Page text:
October 13, 2021
Joe Rogan is a journalist.
Am I the first to say it? No.
Am I the second? Still No.
Do others still disagree? Yes.
First, has there ever been an easy way to explain what journalists do? No. We, as citizens, have never been able to provide a simple explanation. Nor have the original creators of the First Amendment.
Second, is Joe Rogan’s journalistic integrity questionable? Indeed it is. But let’s focus on his work as host of the “Joe Rogan Experience Podcast.”
As a part of “The Fourth Estate,” a journalist holds all branches of the government accountable. Journalists, in theory, adhere to principles, which the Pew Research Center lists as an obligation to the truth, staying loyal to the public, verifying all the facts, and remaining as unbiased as possible. But, does Rogan do all that?
In my opinion, yes.
He’s under a contract with Spotify for more than $100 million and has hundreds of millions of people listening to him. If that were you or me, I would hope that we would feel obligated to stay loyal to the public by telling the truth. But, as art critic John Berger once said, “Hope is not a form of guarantee.”
In one interview, CT Fletcher asked Rogan how it felt to receive countless messages from people about how their life has improved since listening to his show. Rogan replied, “Obligated.”
Thus, he’s aware of his obligation to stay loyal to his audience. But, the problem is his guests might not be. For example, he’s invited conspiracy theorist Alex Jones onto his podcast before to discuss a handful of conspiracy theories.
In the interview with Jones, Rogan said, “This is why you need someone who’s a fact-checker next to you, going slow down. What you really need on your show is a legit journalist who’s right next to you with a laptop going, hold on, slow down.” That’s exactly what Rogan did on his show. Rogan was that journalist sitting right next to him, consistently fact-checking Jones’ in an attempt to slow him down. Still, it could be deemed questionable to bring on a guest like Jones. But, then again, so has Piers Morgan with CNN and Megyn Kelly with NBC. Morgan and Kelly are accepted as journalists, why not Rogan too?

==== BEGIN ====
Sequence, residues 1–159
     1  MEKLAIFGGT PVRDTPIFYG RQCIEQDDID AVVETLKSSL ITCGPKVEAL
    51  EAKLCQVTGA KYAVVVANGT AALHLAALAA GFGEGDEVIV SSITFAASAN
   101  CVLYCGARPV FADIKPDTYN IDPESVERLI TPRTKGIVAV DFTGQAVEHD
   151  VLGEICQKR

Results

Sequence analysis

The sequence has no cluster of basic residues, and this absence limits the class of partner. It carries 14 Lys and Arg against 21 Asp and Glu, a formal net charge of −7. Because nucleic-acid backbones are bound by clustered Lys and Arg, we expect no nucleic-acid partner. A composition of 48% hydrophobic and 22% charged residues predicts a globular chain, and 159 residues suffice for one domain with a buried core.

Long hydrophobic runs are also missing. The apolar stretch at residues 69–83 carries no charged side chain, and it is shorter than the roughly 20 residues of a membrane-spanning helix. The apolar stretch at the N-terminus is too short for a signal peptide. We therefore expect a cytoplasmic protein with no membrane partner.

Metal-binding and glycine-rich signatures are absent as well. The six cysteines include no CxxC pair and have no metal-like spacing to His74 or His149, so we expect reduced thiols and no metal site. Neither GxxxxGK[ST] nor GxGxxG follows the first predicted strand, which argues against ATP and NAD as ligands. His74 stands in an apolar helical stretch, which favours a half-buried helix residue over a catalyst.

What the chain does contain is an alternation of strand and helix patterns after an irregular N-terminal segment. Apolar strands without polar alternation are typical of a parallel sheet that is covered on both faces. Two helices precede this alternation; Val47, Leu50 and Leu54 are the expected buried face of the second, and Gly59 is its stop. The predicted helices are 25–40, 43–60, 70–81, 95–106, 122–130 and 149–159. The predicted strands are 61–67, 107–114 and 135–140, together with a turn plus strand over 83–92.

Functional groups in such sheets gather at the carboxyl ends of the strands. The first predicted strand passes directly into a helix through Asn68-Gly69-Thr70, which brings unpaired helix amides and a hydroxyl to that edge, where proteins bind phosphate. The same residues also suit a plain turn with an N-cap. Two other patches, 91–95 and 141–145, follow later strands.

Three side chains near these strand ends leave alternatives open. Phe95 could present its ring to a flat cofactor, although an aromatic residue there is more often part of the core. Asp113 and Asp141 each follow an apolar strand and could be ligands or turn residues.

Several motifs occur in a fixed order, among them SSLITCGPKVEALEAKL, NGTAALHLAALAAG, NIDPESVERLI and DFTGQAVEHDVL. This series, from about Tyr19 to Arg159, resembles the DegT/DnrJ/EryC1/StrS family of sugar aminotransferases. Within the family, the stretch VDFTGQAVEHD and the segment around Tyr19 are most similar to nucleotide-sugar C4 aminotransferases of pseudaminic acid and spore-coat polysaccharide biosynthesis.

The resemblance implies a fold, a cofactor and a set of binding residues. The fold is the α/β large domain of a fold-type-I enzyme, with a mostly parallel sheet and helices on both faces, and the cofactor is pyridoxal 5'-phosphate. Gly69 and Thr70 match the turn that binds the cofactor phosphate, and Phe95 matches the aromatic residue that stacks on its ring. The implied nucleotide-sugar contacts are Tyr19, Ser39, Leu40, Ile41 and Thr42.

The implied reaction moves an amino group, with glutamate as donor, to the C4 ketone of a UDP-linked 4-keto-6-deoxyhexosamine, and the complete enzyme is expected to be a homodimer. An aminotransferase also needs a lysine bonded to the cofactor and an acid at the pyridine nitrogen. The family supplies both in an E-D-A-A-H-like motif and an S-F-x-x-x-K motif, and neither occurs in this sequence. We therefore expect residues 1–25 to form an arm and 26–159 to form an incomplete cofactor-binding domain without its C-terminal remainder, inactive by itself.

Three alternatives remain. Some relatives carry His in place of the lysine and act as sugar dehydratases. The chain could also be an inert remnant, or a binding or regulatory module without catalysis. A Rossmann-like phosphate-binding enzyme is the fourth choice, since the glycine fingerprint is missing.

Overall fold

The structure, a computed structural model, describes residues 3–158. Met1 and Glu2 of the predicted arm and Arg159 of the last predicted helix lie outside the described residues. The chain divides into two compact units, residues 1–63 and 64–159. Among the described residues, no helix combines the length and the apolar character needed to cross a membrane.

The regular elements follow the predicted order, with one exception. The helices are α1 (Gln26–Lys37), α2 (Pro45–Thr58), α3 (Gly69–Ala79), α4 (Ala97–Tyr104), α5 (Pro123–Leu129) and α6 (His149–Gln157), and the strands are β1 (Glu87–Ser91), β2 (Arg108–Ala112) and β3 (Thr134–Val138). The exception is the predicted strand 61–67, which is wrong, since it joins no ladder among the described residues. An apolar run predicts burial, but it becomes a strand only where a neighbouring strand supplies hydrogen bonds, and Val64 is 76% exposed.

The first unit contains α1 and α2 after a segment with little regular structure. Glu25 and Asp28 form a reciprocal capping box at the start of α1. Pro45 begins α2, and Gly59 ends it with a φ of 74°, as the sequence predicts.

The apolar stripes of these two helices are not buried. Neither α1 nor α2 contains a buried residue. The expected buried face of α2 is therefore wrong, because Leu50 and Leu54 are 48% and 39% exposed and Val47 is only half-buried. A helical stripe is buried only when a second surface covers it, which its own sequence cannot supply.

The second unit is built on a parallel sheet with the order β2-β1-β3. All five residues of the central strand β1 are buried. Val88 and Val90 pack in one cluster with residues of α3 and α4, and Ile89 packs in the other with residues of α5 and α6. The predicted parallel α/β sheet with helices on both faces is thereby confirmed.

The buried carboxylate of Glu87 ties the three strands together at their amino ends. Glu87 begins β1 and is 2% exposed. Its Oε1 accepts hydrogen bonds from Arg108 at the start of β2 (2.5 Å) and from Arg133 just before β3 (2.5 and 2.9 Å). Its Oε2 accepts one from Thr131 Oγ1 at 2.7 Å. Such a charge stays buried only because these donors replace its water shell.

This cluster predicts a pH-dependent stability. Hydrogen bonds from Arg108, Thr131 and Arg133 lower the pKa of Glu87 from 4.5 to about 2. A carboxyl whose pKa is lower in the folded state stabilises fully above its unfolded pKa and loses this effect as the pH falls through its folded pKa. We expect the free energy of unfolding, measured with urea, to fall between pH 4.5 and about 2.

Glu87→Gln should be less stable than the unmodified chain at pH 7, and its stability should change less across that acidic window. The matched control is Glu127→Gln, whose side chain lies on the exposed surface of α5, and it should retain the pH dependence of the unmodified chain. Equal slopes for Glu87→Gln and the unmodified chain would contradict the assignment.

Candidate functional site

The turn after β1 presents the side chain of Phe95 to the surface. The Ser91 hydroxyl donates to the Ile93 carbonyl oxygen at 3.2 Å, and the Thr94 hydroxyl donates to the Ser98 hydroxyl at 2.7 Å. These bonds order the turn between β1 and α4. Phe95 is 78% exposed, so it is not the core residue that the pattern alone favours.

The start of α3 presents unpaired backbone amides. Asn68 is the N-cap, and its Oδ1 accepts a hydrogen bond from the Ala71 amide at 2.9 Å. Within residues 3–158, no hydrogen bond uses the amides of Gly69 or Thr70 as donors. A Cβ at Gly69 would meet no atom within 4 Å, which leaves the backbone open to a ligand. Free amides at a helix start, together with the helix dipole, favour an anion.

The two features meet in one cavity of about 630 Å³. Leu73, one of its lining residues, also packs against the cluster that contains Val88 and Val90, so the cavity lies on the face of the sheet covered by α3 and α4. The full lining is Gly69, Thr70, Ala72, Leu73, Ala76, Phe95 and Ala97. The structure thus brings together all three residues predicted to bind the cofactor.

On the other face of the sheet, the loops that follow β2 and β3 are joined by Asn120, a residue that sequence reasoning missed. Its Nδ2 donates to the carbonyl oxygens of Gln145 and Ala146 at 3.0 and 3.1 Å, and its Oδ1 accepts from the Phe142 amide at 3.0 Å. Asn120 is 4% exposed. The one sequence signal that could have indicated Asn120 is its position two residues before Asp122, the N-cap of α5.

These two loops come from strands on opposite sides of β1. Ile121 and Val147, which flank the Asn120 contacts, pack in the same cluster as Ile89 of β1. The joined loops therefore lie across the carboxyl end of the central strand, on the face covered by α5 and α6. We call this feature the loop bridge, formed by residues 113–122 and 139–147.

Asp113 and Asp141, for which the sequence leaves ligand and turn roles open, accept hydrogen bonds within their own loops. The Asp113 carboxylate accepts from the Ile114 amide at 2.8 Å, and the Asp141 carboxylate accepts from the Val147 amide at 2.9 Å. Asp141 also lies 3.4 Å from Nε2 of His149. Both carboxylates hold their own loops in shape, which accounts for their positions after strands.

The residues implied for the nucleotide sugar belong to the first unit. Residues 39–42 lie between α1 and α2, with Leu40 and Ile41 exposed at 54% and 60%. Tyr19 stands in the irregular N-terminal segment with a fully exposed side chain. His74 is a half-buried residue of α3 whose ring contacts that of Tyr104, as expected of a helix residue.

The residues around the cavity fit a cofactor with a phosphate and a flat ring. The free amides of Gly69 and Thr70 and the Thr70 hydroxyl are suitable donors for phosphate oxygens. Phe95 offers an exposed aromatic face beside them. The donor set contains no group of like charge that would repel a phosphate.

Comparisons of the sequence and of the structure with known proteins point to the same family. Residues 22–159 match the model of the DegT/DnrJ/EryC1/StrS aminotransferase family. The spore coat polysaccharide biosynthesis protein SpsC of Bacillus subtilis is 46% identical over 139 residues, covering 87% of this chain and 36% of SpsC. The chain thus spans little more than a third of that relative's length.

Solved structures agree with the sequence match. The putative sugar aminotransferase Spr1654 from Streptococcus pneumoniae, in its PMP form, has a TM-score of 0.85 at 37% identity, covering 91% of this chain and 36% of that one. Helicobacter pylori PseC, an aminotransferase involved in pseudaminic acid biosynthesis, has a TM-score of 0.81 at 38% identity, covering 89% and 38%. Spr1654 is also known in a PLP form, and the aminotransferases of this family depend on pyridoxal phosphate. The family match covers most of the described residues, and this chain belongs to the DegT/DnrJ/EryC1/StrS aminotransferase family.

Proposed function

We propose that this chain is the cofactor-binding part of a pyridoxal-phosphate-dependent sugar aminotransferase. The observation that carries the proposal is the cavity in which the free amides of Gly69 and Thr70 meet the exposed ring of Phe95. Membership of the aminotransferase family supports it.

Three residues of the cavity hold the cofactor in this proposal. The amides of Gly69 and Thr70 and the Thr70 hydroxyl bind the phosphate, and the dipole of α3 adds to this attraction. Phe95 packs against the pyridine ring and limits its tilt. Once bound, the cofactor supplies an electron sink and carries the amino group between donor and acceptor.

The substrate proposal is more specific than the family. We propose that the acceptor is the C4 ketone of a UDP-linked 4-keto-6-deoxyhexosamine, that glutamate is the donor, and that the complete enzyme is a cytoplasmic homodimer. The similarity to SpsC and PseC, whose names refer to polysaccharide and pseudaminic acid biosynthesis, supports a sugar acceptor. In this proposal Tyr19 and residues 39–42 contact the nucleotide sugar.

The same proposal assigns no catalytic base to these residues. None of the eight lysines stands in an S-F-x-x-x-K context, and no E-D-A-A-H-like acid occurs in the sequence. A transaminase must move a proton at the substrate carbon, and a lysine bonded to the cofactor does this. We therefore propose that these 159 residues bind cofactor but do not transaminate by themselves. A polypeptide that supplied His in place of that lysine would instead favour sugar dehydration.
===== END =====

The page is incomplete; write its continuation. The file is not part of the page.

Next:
Next, it appears he aims, but has often fallen short of, to verify all his facts, and when he’s failed he’s apologized for spreading misinformation. In an interview with political commentator Douglas Murphy, Rogan claimed there were groups of people who got arrested for lighting forests on fire in Portland. The FBI and local law enforcement in Oregon declared this untrue which led to Rogan tweeting an apology for his mistake.
Compare this to Rachel Maddow with MSNBC whom many consider to be a journalist. She has also failed before to verify her facts, but there’s a key difference here. Maddow never issued an apology nor redaction for her mistake. Rogan did because that’s what journalists do—present the facts and if they’re wrong, they admit it.
The last principle, however, is tricky: remain as unbiased as possible. I’m not sure he fills this box completely. Nor do I believe any of us do. As said by Wesley Lowery, a reporter for The New York Times and winner of two Pulitzer Prizes, “No journalistic process is objective. And no individual journalist is objective, because no human being is.” Regardless, Rogan has retained complete creative freedom and has exercised that freedom to engage in multiple controversial interviews.
Whether you agree with his ideas or not, one can respect the fact that he hosts a variety of guests from all backgrounds and from all over the world to have openly curious conversations, not for mere minutes but hours.
Here’s the underlying question I want to propose to you: Isn’t one of the best ways for us to learn about differing perceptions and human nature as a whole, to sit down, 1-on-1, and talk for as long as necessary until we both learn things from each other that we didn’t understand before?
In the end, Rogan has clearly demonstrated the ability to adhere to journalistic principles. He openly seeks the truth, he understands his obligation to stay loyal to his audience, he aims to be as unbiased as possible, and most importantly, when he gets something wrong he admits it. For those reasons, I stand by my opening statement that Joe Rogan is a journalist.